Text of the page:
It’s true that a lot of entities set up shop in Britain to access the European market and they might relocate after a Brexit, Minford concedes. But if Britain loses access to that market, it would simply focus on other places, he suggests. “There’s something called the U.K. national interest. Our job is not to make it easy for everyone else in the world to enter the European market.”
Whether Britain loses access to the single market depends on the terms of any exit.
Under the optimistic scenario, Britain would join the European Economic Area as non-member countries like Norway and Switzerland have done, says Thomas Sampson, assistant professor of economics at the London School of Economics. Membership in that area provides full single-market access.
Under the pessimistic scenario, Britain wouldn’t join the European Economic Area. “Then there would be bilateral negotiations between Britain and the EU over what kind of access Britain has,” says Sampson.
If it doesn’t reach a deal, the default option would be to revert to relations governed by the World Trade Organization, he notes. “So Britain would be just like any other country that’s not a member of the EU but can trade with European countries under World Trade Organization rules but doesn’t have any privileged access that comes with being a member of the single market.”
Ambivalence fuelled by fear
Although many in London appreciate the benefits of a single market and oppose exiting the bloc, they don’t necessarily like Europe. A recent survey of employees in finance by the London-based Centre for the Study of Financial Innovation found 49 per cent said they’d definitely vote to stay in the European Union and 24 per cent said they’d probably do so. Only 12 per cent said they’d definitely vote to leave.
Among those who said they’d definitely or probably vote to stay, 31 per cent said the European Commission, the union’s executive arm, was “actively hostile” to London’s interests and 49 per cent thought it was “neutral at best.”
The reason for those conflicting views is a fear of the unknown, says Hilton. “It’s not like going to a Chinese restaurant and saying, ‘I have a choice between chop suey and chow mein.’ You’re already deeply in the chop suey. It’s a choice between something you know and something you don’t know. People in [financial services] say, ‘We know how to deal with the Europeans; we don’t like them, but at least it’s the devil we know.’”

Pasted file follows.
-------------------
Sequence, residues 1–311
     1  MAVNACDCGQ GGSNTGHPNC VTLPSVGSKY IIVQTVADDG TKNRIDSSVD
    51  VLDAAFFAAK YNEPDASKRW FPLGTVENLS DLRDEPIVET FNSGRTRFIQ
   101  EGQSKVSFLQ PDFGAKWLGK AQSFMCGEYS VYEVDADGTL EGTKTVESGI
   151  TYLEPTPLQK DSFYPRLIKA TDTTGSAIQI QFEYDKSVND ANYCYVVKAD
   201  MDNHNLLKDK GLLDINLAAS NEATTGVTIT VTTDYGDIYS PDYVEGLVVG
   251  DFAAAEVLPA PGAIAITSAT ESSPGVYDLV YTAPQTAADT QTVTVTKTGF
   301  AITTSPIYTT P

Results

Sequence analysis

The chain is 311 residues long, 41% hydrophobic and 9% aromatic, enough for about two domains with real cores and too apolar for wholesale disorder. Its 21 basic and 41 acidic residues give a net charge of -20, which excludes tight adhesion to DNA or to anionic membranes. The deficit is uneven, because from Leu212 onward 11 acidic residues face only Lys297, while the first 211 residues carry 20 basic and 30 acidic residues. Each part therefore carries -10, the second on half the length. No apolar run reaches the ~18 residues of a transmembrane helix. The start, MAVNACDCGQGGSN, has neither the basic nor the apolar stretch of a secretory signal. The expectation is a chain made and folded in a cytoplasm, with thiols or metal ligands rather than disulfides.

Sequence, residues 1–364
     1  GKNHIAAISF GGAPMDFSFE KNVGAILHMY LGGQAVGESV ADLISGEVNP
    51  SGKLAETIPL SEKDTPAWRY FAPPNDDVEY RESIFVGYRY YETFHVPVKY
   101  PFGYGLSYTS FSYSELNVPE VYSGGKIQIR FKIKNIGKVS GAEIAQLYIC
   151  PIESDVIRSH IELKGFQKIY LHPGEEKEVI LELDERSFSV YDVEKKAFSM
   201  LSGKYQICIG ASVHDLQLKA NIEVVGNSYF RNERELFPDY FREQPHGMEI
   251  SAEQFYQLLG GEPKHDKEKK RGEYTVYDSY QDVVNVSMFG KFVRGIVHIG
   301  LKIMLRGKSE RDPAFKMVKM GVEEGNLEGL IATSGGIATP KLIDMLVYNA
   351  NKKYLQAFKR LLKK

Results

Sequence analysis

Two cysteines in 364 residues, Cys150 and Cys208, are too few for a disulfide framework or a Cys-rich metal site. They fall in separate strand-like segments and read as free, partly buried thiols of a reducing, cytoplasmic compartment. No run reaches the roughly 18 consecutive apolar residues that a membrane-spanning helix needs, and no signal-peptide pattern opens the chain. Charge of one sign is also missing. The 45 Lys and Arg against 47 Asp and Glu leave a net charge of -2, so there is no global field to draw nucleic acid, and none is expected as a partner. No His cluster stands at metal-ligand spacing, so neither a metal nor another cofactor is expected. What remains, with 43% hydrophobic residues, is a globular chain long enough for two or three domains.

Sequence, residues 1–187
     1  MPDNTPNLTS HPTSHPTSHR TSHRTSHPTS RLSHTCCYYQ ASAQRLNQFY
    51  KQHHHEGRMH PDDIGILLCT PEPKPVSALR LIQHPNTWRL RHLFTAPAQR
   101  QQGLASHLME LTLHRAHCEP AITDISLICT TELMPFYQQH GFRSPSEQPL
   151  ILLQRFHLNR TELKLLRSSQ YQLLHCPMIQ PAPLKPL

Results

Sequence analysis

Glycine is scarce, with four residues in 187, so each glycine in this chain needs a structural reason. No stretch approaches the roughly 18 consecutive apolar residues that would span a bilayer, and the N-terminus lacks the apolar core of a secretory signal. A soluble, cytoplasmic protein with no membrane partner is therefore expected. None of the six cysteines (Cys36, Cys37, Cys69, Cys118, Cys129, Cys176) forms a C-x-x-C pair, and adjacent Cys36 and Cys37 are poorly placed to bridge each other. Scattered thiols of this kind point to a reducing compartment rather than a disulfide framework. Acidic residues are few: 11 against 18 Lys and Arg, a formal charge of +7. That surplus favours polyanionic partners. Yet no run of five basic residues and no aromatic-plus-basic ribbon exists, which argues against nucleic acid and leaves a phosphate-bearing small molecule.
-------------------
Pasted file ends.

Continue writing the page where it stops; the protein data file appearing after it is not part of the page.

Even if they dislike Brussels, some financial firms are going as far as financing the pro-European camp. In January, Sky News reported that Goldman Sachs had made a six-figure donation to Britain Stronger in Europe, a group campaigning to keep Britain in the European Union.
“City insiders told Sky News… that other firms had also agreed to commit money [to pro-EU campaigns] in recent weeks,” the outlet noted in the report.
New deal for Britain
Europe doesn’t want to lose Britain, either. In February, the European Union and Britain reached a deal that would give it special status within the bloc.
The deal addresses the treatment of the nine European Union countries that don’t use the euro. Britain wanted an explicit recognition that the euro isn’t the bloc’s only currency and that, as a result, those outside of the monetary union wouldn’t be at a disadvantage from decisions applying to the euro zone.
When it came to that issue, the deal addressed concerns about bailouts of euro zone countries in financial trouble. “Emergency and crisis measures designed to safeguard the financial stability of the euro area will not entail budgetary responsibility for Member States whose currency is not the euro, or, as the case may be, for those not participating in the banking union,” the deal states.
The agreement also mentions political integration. It seeks to reassure Britain that it doesn’t have to further integrate with the rest of the European Union and notes that “references to ever closer union do not apply to the United Kingdom.”
British Prime Minister David Cameron has said he’s happy with the deal and has pledged to campaign during the referendum with his “heart and soul” to remain in the bloc.
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Yaldaz Sadakova is associate editor of Benefits Canada: firstname.lastname@example.org.